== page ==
E-Government for social benefits

Last registered on May 09, 2024


Trial Information

General Information

E-Government for social benefits
Initial registration date
April 26, 2024

Initial registration date is when the trial was registered.

It corresponds to when the registration was submitted to the Registry to be reviewed for publication.

First published
May 09, 2024, 1:21 PM EDT

First published corresponds to when the trial was first made public on the Registry after being reviewed.


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Primary Investigator

ETH Zürich

Other Primary Investigator(s)

PI Affiliation
University of Zurich, Department of Economics
PI Affiliation
ETH Zurich, Department of Humanities, Social and Political Sciences

Additional Trial Information

In development
Start date
End date
Secondary IDs
Prior work
This trial is based on or builds upon one or more prior RCTs.
Using a randomized controlled study, we will investigate the role of digital application forms, as a potential barrier in the application process for individual health insurance subsidies. For this purpose, all eligible individuals are randomly divided into two groups (digital-only and digital & paper). The aim of this study is to understand the effects of e-government on the application rate for social benefits. The study design allows us to analyze the effects of the digital application barrier for different socio-economic groups on the number of applications and downstream effects on financial outcomes.
External Link(s)

Registration Citation

Hangartner, Dominik, Flavia Hug and Michel Maréchal. 2024. "E-Government for social benefits." AEA RCT Registry. May 09. https://doi.org/10.1257/rct.13095-1.0
Sponsors & Partners

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Experimental Details


The experiment is conducted by a public institution in Switzerland. Each year, they send out a letter and an application form to approximately 30% of the households who are likely eligible for the health insurance subsidy. The field experiment is implemented by the collaboration partner with approximately 380,000 tax households. The current mailing includes two options to apply: (i) utilizing provided login code for online application or (ii) employing the provided paper application for mail submission. The partner organization is considering eliminating the paper application from their mailing.

We assist the partner organization in evaluating a phased implementation of the new digital-only policy, enabling us to gauge the policy's beneficiaries and those disadvantaged by its adoption. The experimental groups will either only receive access to the digital application form or to the digital and the paper application form.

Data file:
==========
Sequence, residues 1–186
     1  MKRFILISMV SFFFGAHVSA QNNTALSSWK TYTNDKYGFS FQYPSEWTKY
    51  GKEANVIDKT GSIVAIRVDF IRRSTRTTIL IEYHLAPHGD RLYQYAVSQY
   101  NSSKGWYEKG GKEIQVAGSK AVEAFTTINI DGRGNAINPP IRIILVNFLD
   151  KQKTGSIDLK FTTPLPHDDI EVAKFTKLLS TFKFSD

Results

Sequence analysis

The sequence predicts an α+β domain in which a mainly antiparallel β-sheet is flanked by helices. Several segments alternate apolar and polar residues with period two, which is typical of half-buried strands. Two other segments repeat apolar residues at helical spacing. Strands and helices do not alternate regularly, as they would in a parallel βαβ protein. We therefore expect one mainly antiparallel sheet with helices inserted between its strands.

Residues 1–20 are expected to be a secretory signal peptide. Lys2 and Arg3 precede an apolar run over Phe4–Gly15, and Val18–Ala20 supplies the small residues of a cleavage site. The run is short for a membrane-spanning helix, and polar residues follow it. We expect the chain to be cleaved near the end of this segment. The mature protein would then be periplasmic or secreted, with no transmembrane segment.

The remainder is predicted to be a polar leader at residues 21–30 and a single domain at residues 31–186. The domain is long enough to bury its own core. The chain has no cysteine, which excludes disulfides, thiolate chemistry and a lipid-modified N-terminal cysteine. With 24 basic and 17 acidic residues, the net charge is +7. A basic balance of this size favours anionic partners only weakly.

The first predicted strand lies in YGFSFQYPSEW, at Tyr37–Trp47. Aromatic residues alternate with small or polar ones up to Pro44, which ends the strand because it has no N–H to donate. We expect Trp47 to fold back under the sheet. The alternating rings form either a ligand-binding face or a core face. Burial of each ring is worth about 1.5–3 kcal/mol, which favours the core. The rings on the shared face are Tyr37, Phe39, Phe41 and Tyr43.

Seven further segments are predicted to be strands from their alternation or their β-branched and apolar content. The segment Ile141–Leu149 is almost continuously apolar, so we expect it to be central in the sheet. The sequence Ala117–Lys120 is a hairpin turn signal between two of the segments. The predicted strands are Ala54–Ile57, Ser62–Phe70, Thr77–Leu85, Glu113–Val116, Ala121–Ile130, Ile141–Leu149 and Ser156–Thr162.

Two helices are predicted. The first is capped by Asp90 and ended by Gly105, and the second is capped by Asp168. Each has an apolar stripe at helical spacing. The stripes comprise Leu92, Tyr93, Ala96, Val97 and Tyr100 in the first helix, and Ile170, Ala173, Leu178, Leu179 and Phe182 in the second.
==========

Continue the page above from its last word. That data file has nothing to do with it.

Based on tax data the households are classified as likely eligible for health insurance subsidies. After restricting the experimental sample to households without prior experience with the digital application, they are randomly assigned to one of two experimental groups: either to the control condition (i.e., digital & paper) or to a treatment condition (i.e., digital-only).
Intervention Start Date
Intervention End Date

Primary Outcomes

Primary Outcomes (end points)
Our primary outcome is whether tax households apply for health insurance subsidies before the deadline in March 2026. We will assess this outcome for the entire study population.
Primary Outcomes (explanation)

Secondary Outcomes

Secondary Outcomes (end points)
We will try to obtain and explore two types of downstream outcomes. First, the downstream financial outcomes are whether an individual has an entry in the debt registry (i.e., “Betreibung”) and subsequently the health insurer’s certification for losses (i.e., “Verlustschein”). These outcomes encompass defaults on various types of bills from the health insurance and are not limited to premium payments. These measures will rely on the 2025 and 2026 data from the health insurance providers.

Second, the labor market outcomes will be assessed with the census data.

We will also try to explore whether the treatment has a spillover effect on other applications administered on the government level. For instance, people might benefit from the positive experience with the health insurance subsidy and are more likely to also apply for other assistance.
There are various types of other social benefits, but we are specifically interested in two additional outcomes that help people facing financial hardship: social aid ("Sozialhilfe") and supplementary pension benefits (e.g., "Ergänzungsleistung") that are linked to old-age and disability pensions. Social aid is managed at the municipal level, while supplementary pension benefits, like health insurance subsidies, are administered through the partner organization at the cantonal level.